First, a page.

There's an odd dissonance found in the Twitch-friendly social games that make up Jackbox Party Pack 3. With each new Jackbox Party Pack release, the included games increase in production value, but diminish when it comes to actual substance. Scripting is at an all-time low for the franchise, replaced by the unevenness of a book of Mad Libs. There's even a despairing sense of this being one giant money grab. For instance, Tee-KO, a mindless game that replaces the strategy of Bidiots and the intentionally undrawable prompts of Drawful 2, has players first dutifully submitting sketches and slogans and then attempting to assemble an audience-backed winning design—all so that you might pay to have your design printed on a T-shirt and mailed to you. (There ought to be a Digital Sweatshop achievement.)
The Jackbox Party Pack games have always been divertissements, but some of this year’s offerings are especially shallow. In Fakin’ It, every player save one is given a cue to which they’re supposed to respond with a physical prompt; the Faker must then deftly choose and qualify his or her gestures after the cue is revealed. Unfortunately, the specificity of some prompts (“Hold up as many fingers as steaks you’ve eaten this week” or “Raise your hand if you’ve just had alcohol”) is bound to screw over some friends—say, vegetarians or teetotalers. Such poor design extends to the way in which the game avoids repetition: In any group less than the maximum of six players, you can often rule out people who’ve already been the Faker. Such streamlining also affects the game’s cast. Series mainstay Cookie may have once filled the interstitial moments of trivia staple You Don’t Know Jack with nonstop zingers, but in Fakin’ It, he’s reduced to a bland, by-the-books announcer.
There's an odd dissonance found in the Twitch-friendly social games that make up Jackbox Party Pack 3.
Such subdued sensibilities bleed even into returning favorites, like the sequel to Quiplash. Yes, Jackbox Party Pack‘s other returning announcer, Schmitty, delivers some admirably comic prompts, but because the game is designed with a custom “Write Your Own Episode” feature, it’s only a matter of time before a dedicated group of gamers finds themselves playing in an awkward silence. At such points, the interactive interface, which allows up to eight local players and as many as 10,000 streaming audience participants, is the only thing that distinguishes Quiplash 2 from, say, Cards Against Humanity.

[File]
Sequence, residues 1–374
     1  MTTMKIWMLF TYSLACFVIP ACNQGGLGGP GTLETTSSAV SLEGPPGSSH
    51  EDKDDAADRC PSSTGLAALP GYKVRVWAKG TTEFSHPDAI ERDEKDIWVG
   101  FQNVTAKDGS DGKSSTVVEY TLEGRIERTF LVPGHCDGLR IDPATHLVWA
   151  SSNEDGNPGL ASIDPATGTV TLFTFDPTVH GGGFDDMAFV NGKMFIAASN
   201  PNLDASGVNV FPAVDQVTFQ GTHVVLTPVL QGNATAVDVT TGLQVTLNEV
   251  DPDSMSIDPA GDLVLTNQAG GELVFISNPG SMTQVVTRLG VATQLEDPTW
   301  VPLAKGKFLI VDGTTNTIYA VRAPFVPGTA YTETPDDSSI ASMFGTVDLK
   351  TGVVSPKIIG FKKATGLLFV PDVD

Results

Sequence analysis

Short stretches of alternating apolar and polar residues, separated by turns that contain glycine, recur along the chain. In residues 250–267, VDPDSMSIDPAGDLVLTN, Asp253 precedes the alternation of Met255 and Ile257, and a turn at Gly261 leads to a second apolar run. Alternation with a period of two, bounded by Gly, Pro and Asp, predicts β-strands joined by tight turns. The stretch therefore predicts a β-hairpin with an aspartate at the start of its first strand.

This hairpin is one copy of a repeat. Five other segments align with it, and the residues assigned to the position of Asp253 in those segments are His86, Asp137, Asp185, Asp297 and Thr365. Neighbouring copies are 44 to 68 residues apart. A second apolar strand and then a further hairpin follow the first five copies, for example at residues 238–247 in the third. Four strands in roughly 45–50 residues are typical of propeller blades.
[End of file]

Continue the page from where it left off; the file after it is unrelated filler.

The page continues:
The best games in Jackbox Party Pack 3 make the most of all of its features. Guesspionage is a crasser version of Family Feud, asking players to predict the percentage of people who’ve admitted to doing certain things, such as peeing in public pools or joining the mile-high club “solo.” That’s humorously and terrifyingly revealing enough, but the game expands a bit if players switch from the default global setting (with poll results already tabulated by the developers) to one in which data is culled from the votes of those following along through Twitch. Meanwhile, the highly amusing Trivia Murder Party plays a bit like Remote Control meets Saw: If players answer incorrectly, their serial-killer host will force them to play a sadistic mini-game in order to stay alive.
These mini-games test a variety of skills, from lightning-fast mathematical computations to tricky game-theory decisions (like prisoner’s dilemma), and random chance is as likely to be tested as one’s power of memory. They also enhance the competitive aspect of Trivia Murder Pary, especially in the game’s climactic final round in which the ghosts attempt to overtake the one player still alive before he or she escapes the game. The only problem with these two games is that they so overwhelmingly demonstrate that Jackbox Games’s wheelhouse is trivia-related that you have to wonder why the developer doesn’t just stick to killing it in that genre full-time.